Policy of Disinvestment

You must keep in mind the following policies of Disinvestment:

Past Disinvestment Policy

The policy of disinvestment has largely evolved through the policy statements of former Finance Ministers in their Budget Speeches. The policy as evolved is enumerated below:

1. In the Interim Budget of 1991-92, it was declared that the Government would disinvest up to 20% of its equity in some PSEs in favour of mutual funds and financial and institutional investors in public sector.

2. In the Budget speech of 1992-93, the cap of 20% was reinstated and the list of eligible investors was extended to involve FIIs, employees and OCBs.

3. In April 1993, the Rangarajan Committee suggested disinvesting up to 49% of PSEs equity for industries explicitly reserved for the public sector and over 74% in other industries. However, the then Government did not take any decision on the Committee’s recommendations.

4. In 1996, as per the Common Minimum Programme (CMP), the Budget speech of 1996-97 declared the establishing of Disinvestment Commission for 3 years (for more details about the Disinvestment Commission,). CMP also emphasised adding more transparency to the disinvestment process and evaluate the non-core areas of public sector.

5. In the Budget speech of 1998-99, it was declared that the Government shareholding in CPSEs should be brought down to 26% on case-to-case basis, except strategic CPSEs where the Government would retain majority shareholding. The interest of workers was to be safeguarded in all the cases. For this objective, on 16 March 1999, the Government categorised the PSEs into Strategic and Non-Strategic areas. It was determined that Strategic PSEs would be those in areas of:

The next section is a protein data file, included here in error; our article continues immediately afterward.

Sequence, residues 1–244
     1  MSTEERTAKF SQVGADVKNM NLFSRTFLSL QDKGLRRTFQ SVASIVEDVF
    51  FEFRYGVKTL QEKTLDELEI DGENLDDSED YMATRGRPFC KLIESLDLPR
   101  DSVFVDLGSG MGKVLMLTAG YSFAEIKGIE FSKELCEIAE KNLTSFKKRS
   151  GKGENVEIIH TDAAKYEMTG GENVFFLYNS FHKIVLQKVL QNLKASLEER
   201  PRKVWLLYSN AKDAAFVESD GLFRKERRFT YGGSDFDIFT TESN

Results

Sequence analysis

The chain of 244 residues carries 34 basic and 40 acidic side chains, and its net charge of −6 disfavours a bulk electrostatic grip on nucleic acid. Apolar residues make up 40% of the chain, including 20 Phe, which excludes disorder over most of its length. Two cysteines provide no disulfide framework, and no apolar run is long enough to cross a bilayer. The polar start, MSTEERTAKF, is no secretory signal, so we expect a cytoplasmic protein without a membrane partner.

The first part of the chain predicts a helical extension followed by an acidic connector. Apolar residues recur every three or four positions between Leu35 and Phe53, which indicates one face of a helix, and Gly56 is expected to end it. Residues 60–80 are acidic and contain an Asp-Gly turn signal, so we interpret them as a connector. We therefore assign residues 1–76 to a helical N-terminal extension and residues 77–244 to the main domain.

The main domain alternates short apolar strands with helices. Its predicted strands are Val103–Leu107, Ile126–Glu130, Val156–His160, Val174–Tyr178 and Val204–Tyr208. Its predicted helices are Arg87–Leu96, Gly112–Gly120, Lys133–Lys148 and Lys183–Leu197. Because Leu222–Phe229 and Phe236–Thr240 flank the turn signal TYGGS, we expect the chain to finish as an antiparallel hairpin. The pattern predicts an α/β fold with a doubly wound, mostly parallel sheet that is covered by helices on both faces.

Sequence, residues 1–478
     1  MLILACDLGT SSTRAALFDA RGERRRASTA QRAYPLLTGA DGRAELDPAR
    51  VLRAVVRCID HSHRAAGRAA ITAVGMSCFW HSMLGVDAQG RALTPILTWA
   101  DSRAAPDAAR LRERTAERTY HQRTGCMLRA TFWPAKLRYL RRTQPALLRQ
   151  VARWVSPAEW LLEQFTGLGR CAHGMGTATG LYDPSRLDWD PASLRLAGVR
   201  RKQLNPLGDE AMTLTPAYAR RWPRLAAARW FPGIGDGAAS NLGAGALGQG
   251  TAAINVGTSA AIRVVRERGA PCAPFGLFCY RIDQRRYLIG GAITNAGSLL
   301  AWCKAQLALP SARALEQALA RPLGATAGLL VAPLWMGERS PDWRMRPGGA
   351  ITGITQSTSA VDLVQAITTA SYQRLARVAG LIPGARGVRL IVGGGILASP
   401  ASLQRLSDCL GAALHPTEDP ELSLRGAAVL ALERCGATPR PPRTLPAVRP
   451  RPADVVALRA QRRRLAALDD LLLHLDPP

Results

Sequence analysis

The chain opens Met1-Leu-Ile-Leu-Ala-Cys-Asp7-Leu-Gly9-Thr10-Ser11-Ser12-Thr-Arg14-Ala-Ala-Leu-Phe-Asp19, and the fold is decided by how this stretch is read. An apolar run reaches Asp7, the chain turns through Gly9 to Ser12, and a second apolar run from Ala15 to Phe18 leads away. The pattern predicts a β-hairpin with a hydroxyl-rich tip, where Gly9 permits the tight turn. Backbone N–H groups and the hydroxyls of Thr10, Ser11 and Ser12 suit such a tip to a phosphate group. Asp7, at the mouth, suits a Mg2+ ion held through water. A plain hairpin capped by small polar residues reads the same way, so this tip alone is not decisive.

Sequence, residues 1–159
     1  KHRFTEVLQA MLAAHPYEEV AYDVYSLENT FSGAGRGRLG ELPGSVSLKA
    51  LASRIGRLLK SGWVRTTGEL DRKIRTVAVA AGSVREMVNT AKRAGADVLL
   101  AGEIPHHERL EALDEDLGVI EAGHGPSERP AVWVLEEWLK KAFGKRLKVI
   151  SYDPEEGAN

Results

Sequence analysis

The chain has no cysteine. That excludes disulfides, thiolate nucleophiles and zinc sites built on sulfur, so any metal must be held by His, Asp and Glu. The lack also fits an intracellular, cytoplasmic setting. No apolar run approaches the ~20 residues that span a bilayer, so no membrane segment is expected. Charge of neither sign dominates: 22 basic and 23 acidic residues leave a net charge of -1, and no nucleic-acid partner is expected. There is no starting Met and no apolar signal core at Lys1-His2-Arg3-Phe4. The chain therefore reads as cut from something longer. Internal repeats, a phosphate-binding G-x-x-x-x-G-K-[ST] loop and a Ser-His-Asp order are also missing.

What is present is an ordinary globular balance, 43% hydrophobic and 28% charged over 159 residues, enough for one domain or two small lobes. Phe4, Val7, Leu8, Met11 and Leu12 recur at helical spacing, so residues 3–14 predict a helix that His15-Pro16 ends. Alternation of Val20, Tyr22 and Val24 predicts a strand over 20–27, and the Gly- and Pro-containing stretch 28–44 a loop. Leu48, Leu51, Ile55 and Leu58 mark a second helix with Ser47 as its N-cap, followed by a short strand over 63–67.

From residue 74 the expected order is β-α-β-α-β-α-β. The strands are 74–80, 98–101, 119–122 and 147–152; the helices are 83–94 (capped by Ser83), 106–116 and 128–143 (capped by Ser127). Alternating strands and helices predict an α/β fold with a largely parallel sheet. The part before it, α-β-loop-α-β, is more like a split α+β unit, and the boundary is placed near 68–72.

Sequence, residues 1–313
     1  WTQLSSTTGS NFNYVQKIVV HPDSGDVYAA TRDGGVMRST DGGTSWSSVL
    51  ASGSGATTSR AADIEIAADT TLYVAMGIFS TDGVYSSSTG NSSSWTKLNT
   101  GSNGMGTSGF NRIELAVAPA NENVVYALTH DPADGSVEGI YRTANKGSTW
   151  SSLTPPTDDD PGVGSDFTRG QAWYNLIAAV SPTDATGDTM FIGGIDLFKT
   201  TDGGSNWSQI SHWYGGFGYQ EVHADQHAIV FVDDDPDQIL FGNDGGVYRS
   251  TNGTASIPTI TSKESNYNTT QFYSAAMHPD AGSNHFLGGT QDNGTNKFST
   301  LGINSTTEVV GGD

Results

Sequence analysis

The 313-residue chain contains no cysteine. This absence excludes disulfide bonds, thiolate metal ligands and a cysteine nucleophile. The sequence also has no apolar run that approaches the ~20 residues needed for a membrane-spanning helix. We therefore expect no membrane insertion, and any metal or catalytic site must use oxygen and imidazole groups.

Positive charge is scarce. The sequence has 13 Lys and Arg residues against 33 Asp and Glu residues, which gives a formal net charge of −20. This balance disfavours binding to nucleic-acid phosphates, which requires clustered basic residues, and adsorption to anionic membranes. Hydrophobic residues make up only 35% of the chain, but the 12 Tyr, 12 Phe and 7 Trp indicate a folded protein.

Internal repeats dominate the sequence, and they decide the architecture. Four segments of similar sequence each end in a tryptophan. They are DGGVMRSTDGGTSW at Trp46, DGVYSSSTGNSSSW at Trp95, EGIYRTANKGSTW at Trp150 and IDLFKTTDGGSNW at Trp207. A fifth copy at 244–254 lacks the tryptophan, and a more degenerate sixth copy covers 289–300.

(a) Arms and ammunition and allied items of defence equipment, defence aircraft and warships.

(b) Atomic energy (except in the areas related to the generation of nuclear power and applications of radiation and radio-isotopes to agriculture, medicine and non-strategic industries).

(c) Railway transport.

You must understand that all other PSEs were to be considered non-strategic.

1. In the Budget speech of 1999-2000, it was declared that the Government would continue to strengthen the Strategic units and “privatising” the Non-Strategic ones through gradual disinvestment or strategic sale and develop viable rehabilitation strategies for weak units.

2. The 2000-01 Budget speech emphasised on restructuring and revitalisation of viable CPSEs, closure of PSEs which cannot be revived; bringing down Government shareholdings in Non-Strategic CPSEs to 26% or lower, if necessary, and protection of the interest of workers. The receipts from disinvestment would be used for the social sector, rearrangement of CPSEs and for retirement of public debt.

3. In the Suo moto statement of 2002, specific objective was given to the disinvestment Policy–creation of new assets, modernisation and upgradation of PSEs, generation of employment and retiring of public debt.